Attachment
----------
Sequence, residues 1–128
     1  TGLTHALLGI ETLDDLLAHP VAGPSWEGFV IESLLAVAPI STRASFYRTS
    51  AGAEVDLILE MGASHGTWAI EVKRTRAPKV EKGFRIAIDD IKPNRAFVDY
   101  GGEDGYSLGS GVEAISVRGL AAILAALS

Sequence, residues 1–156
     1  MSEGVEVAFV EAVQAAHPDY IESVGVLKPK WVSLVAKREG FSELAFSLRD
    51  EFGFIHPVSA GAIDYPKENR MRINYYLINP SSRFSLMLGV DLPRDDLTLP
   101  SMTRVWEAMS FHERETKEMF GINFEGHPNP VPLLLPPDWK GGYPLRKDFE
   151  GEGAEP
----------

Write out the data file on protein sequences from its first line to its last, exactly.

Sequence, residues 1–128
     1  TGLTHALLGI ETLDDLLAHP VAGPSWEGFV IESLLAVAPI STRASFYRTS
    51  AGAEVDLILE MGASHGTWAI EVKRTRAPKV EKGFRIAIDD IKPNRAFVDY
   101  GGEDGYSLGS GVEAISVRGL AAILAALS

Sequence, residues 1–156
     1  MSEGVEVAFV EAVQAAHPDY IESVGVLKPK WVSLVAKREG FSELAFSLRD
    51  EFGFIHPVSA GAIDYPKENR MRINYYLINP SSRFSLMLGV DLPRDDLTLP
   101  SMTRVWEAMS FHERETKEMF GINFEGHPNP VPLLLPPDWK GGYPLRKDFE
   151  GEGAEP